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Battle Squadron

version: pal - year: 1990 - developer: innerprise software - publisher: electronic arts - format: mega drive, cartridge - condition: mint - rarity: hard to find

Port of the Amiga original

 

To finish the game, you'll need to clear the 3 underground areas

 

Backgrounds are very detailed, although sometimes they use almost the same colors of the ship. Let's see if you can actually spot it...

 

Weapons can be powered up exponentially up to 5 levels of firepower

 

Bosses are actually not very hard

 

Sometimes, backgrounds make it difficult to spot bullets

 

The last boss has 2 forms but again, he's not very hard

Review - Battle Squadron is most certainly remembered by Amiga gamers as one of the best vertical shooters on the machine, rightfully eclipsing other more renowned games such as Xenon II Megablast.

I still remember enjoying Battle Squadron great simultaneous 2-players mode when I used to own it back in the day. Spiritual sequel of the great euro sci-fi vertical shooter Hybris, it retained that unmistakable mix of arcade feel and Danish programming.

I recently realized the game had been ported to Mega Drive , and the prospect of playing it once more proved to be too tempting to be ignored.

Graphically, Battle Squadron is well done. The main ship is big and convincingly animated while enemies come in a variety of different shapes and waves. Backgrounds are very detailed and the underground sections are truly impressive and they sport a unique organic look. The color palette of the Mega Drive is put to excellent use to deliver some great-looking graphics. The scrolling is also very smooth and the playing field is simply huge.

Noticeably, some parallax scrolling has been added in the underground sections (it was absent in the original Amiga release) and it surely makes the game look better although it influences, somewhat negatively, gameplay.

How is that possible, you might ask? Well, I don't know what went through the programmers' head because your ship and the enemy waves (and bullets) will be hidden by the parallax layer on the foreground, as you'll be flying underneath it! Because of this, it isn't uncommon to lose many ships just because at times, you'll only be able to see your ship intermittently while you won't be able to tell if you're flying into enemy fire.

This probably sounds catastrophic but it isn't as bad as it sounds because you can often fly next to the parallax layer, where the ship is visible. Also, you'll often be able to see where bullets are first shot and you'll need to figure out their trajectory when they are hidden to successfully avoid them! This element makes Battle Squadron a very unique playing experience although I am not sure it was programmed this way on purpose...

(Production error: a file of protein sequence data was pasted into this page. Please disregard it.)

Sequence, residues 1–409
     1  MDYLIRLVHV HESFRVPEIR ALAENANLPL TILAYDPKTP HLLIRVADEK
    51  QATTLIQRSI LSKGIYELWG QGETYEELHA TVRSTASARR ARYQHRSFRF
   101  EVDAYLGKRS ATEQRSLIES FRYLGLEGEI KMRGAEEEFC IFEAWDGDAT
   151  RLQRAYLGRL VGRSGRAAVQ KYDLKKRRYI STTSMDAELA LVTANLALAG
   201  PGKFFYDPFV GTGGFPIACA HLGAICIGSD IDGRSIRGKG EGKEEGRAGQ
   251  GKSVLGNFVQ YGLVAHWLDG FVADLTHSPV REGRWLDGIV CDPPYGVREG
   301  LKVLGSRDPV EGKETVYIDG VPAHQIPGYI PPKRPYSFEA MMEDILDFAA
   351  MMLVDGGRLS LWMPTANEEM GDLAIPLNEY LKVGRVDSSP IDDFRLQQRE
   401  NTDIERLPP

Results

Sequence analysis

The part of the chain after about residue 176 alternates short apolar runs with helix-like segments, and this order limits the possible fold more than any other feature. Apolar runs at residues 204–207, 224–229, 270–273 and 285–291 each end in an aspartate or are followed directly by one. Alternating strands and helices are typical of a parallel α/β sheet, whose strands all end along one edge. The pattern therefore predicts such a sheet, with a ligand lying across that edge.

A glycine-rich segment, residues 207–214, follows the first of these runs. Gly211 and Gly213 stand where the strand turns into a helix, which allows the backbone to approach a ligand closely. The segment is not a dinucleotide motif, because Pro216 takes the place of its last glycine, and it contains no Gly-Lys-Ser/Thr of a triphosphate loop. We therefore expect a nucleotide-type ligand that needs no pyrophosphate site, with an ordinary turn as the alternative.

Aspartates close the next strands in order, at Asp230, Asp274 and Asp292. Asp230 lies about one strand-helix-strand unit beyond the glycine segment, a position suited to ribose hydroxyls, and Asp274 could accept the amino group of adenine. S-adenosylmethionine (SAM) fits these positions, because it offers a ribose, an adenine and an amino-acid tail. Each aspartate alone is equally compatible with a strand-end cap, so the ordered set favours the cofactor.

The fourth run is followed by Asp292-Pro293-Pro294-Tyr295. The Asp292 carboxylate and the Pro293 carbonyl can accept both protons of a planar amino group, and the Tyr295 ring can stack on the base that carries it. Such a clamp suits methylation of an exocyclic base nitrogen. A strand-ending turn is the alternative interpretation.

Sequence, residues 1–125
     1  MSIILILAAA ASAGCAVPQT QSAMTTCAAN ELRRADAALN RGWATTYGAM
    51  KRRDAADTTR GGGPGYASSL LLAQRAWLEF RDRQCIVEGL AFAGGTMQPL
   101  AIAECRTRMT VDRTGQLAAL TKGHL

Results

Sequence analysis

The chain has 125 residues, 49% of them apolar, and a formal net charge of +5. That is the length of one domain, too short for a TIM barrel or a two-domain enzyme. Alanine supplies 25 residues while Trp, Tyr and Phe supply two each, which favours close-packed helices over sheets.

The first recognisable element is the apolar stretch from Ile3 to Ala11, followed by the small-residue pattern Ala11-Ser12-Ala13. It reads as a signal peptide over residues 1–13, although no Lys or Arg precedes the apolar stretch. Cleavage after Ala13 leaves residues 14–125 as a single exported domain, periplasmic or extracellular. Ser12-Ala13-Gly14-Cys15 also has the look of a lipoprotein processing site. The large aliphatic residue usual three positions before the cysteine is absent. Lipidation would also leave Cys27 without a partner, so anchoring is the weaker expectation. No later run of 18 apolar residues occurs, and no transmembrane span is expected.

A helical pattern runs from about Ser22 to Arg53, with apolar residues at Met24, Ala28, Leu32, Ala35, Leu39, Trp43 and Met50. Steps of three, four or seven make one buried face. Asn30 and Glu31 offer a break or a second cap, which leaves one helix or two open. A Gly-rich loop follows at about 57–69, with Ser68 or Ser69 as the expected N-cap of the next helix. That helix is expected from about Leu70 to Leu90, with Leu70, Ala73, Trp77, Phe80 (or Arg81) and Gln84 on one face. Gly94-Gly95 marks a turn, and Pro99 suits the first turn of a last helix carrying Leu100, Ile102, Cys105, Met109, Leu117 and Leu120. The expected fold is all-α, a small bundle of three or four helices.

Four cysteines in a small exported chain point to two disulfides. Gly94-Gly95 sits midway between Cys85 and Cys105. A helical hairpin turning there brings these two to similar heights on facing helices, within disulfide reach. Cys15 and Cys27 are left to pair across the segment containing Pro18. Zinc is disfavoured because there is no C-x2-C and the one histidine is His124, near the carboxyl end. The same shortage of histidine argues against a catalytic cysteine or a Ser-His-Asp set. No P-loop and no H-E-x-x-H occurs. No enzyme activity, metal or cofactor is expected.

Moreover, some enemy ships use a camouflage technique a bit like the one used by the Predator, meaning they are see-thru but you can see something like a wave-effect on the background when they move around. The effect is extremely well done but it also increases the difficulty, especially in the underground levels where visibility is limited.

Some enemies will be firing homing missiles which are tiny and cannot be destroyed so you'll necessarily have to slalom your way through them a couple of times before they finally give up on chasing you. Doing this while the screen is full of ships and enemy fire isn't the easiest thing to do…

In order to alleviate the difficulty level, you can go to the option screen and increase the number of continues and ships at your disposal and it is even possible to decrease the number of bullets and their speed on screen!

Despite these options, Battle Squadron remains one of the most challenging shooters on Mega Drive. It only has 3 levels though, so if you are only a little bit skilled with shooters, it won't be long before you master it…

About the differences with the Amiga version, this Mega Drive port adds (aside from the parallax scrolling) instant loading time, remixed music (some tunes are even better although they are a bit let down by the MD sound chips which are definitely worse than the Amiga's) and the ability to drop smart bombs only by pressing a button, without the need to move in a circle. This means you can be much faster in using smart bombs and you hardly unleash them by mistake, like it often was the case in the Amiga version.

Battle Squadron looks and sounds attractive but it's very hard and a bit short. In the end, it's just like a pure shot of adrenaline. Only skilled, hardcore shmuppers should measure themselves with it. The rest should just pass it up!

N.B: It should be noted that the Pal version of Battle Squadron works on a US Genesis without the need of an adapter and in glorious 60hz!

Bottom line: a very nice port of the original amiga masterpiece, which is a bit let down by some awkward use of parallax. 7/10


 

 

 

 

 

 

 

 

 

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